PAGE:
Data were collected in Autumn 2014, so after the initial turmoil of the 2013 reorganization was over but while the system was still settling down and the reformed arrangements were relatively new. Our data therefore reflect some of the early concerns that emerged in four local authorities. One critical issue, which will have affected the context of local authorities at the time of our data collection and subsequently, was the extent of the reductions in their budgets following the implementation of the UK Coalition Government's austerity programme. It is not clear from our data, and it probably was not clear to our participants at the time either, whether and the extent to which financial constraints were a factor in the way evidence was used in the transition period. Our sample size was small and although the local authorities from which it was drawn were varied, we cannot claim to have represented all English local authorities. We are uncertain as to whether the phenomena we report here have wider generalizability or indeed continue to be important. It also remains to be seen whether and how over time the system itself evolves to handle these kinds of issues. Our data relate to respondents’ general perceptions of differences in attitudes to evidence between the health sector and local authorities. We did not explore in detail how this played out in their day-to-day experiences. We suggest that further research exploring the inner workings of local councils, now that the new arrangements have had further time to embed, will reveal more about the dynamics of the processes involved than our methods allowed us to demonstrate.
The world of decision-making in local authorities is a far cry from the idealized models based on clinical decision-making out of which EBM developed.17 It is neither linear nor direct and there is certainly no genuflection in the direction of the traditional EBM hierarchy of evidence. There is a plurality of materials, which feed into the evidence mix which become a part of a political and a deliberative process. Local issues and perceptions of local needs and problems are very important in framing discussions and examples cherry-picked from other jurisdictions sometimes find a place too. Experience and indeed prejudice all contribute to the process. That it should be anything other than this is hardly surprising given the long and vibrant role of local democracy and local decision-making about local welfare matters in England, which predates even the Elizabethan Poor Law.18,19 EBM and NICE guidelines are very much the new kids on the block in this regard.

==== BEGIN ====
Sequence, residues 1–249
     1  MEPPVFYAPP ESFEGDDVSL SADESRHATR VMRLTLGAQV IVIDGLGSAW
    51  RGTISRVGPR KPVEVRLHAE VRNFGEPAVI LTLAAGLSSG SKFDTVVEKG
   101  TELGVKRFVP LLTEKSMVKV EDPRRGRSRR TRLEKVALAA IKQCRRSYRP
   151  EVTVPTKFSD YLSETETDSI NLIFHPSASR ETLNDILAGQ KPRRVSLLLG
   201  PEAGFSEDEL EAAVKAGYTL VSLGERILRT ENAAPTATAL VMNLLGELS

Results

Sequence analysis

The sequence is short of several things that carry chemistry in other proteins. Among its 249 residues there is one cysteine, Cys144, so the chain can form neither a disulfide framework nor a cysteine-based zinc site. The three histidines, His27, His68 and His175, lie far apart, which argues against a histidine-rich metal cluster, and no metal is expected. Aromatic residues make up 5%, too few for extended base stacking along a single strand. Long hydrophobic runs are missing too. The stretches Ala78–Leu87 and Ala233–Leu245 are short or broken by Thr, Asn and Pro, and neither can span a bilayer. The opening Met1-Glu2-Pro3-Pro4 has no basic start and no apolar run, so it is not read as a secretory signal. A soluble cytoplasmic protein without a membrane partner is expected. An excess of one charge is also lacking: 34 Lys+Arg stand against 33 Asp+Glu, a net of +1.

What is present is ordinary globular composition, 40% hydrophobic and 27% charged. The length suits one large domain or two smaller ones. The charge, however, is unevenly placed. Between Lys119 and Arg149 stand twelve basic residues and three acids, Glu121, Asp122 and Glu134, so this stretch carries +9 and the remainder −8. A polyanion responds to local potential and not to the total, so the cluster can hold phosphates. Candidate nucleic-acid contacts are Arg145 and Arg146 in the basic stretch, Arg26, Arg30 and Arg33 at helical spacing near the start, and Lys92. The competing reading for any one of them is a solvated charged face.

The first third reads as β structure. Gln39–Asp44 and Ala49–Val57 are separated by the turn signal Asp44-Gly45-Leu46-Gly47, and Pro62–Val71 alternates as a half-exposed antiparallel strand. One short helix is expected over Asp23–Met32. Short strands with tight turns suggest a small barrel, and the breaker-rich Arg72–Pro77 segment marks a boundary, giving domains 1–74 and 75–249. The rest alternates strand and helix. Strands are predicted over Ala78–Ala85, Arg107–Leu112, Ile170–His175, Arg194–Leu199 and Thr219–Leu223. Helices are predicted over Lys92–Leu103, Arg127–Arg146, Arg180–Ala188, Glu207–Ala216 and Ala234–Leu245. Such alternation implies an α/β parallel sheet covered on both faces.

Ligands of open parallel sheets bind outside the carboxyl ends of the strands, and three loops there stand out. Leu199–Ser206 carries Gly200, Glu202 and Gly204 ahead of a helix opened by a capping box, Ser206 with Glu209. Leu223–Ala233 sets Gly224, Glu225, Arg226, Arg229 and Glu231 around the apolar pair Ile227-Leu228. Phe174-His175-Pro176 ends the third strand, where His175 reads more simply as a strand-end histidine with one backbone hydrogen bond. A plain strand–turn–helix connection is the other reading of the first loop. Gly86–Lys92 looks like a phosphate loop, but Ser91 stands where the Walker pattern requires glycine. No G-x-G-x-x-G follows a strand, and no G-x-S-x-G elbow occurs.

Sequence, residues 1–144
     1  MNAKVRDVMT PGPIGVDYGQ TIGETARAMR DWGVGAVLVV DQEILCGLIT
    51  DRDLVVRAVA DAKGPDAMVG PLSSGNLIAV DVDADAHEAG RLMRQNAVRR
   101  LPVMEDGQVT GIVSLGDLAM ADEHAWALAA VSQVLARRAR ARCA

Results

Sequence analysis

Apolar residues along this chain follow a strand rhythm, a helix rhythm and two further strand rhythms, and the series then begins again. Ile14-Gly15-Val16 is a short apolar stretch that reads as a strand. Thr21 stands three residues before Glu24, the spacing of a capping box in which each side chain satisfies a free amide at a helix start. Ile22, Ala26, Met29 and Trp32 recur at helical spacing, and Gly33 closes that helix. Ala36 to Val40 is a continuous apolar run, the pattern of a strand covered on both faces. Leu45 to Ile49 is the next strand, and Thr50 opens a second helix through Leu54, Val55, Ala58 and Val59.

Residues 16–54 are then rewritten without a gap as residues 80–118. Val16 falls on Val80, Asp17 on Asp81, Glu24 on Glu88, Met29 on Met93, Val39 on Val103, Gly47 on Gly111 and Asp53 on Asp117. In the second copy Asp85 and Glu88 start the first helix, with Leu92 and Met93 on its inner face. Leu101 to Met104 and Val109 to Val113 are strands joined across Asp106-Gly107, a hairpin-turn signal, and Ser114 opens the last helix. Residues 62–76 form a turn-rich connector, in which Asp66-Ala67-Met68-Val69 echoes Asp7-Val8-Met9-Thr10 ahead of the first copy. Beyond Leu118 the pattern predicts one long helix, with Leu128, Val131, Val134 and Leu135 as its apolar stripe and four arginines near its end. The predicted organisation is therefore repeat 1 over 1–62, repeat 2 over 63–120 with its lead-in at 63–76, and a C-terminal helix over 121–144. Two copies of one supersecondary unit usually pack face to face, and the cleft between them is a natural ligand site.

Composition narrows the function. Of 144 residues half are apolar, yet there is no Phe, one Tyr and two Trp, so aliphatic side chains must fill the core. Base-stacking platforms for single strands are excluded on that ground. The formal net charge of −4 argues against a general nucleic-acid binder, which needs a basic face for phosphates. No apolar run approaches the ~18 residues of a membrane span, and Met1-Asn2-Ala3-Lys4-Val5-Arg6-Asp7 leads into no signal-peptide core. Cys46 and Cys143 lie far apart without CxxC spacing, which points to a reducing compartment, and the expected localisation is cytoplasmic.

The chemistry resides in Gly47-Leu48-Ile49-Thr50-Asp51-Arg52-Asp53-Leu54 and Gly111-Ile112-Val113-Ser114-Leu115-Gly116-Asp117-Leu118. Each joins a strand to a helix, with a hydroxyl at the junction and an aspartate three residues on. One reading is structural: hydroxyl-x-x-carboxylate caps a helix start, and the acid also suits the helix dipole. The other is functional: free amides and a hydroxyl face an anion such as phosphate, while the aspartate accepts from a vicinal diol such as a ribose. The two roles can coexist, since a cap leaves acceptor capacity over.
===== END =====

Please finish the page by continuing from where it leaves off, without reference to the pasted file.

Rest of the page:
In local authorities, professional expertise finds itself up against democracy. The greater level of democratic scrutiny in local authorities was seen by some participants as a barrier to properly professionally informed decision-making. However, local authorities are, to a significant degree, autonomous bodies and they fiercely guard their independence. Many participants commented that local authorities do not like to be told what to do whether by locally based professionals or by central state organizations. The EBM approach can appear to be highly prescriptive and centralized. Participants acknowledged that this approach was unlikely to be warmly received in confidently independent organizations led by politicians. If, however, the role of the guidelines is framed as an important ‘starting point’ to address local problems, then in the complex political world of local authorities, the guidelines could find an important place. NICE public health guidelines do not for the most part describe simple interventions but acknowledge the complexity of the real world of public health. The optimal approach for NICE guidelines would be to help to shape the understanding of problems at local levels as a basis for decision-making, using the evidence base as the way to define the problem, rather than as a singular answer to complex problems.
Finally, it is worth noting that the relationship between evidence and action and evidence and policy is not a linear one at any level—national or local. The assumption that just because good guidelines exist based on the most careful consideration of evidence that that will lead to changes in practice or policy is naïve. As van Hulst20 showed in Dutch municipal public administration, local decision-making is a rich tapestry of sense making and interpretation as politicians and administrators work out what it is they need to deal with and how to go about dealing with it. What our respondents show us is that as much as anything there is a an interchange of ideas going on and that guidelines and evidence contribute to that interchange but do not determine it. This echoes Smith's obsevations at national level.21,22 Therefore seeing these processes at work in local authorities should not be a cause for rejecting the idea of EBM or evidence-based public health, so much as a reminder to see the evidence in the context of a broader set of processes, one of which is the democratic rough and tumble of local councils.
We would like to acknowledge our colleagues in local government for their participation in this study. We would like to thank Dr Heather Gainforth for her contribution to interviewing and data analysis.
This study was co-funded by National Institute for Health and Care Excellence and Economic and Social Research Council.
Conflict of interest
MK was Director of the Centre for Public Health at NICE from 2005 till 2014. GL is currently employed by NICE. SM was a member of the Public Health Advisory Committee of NICE.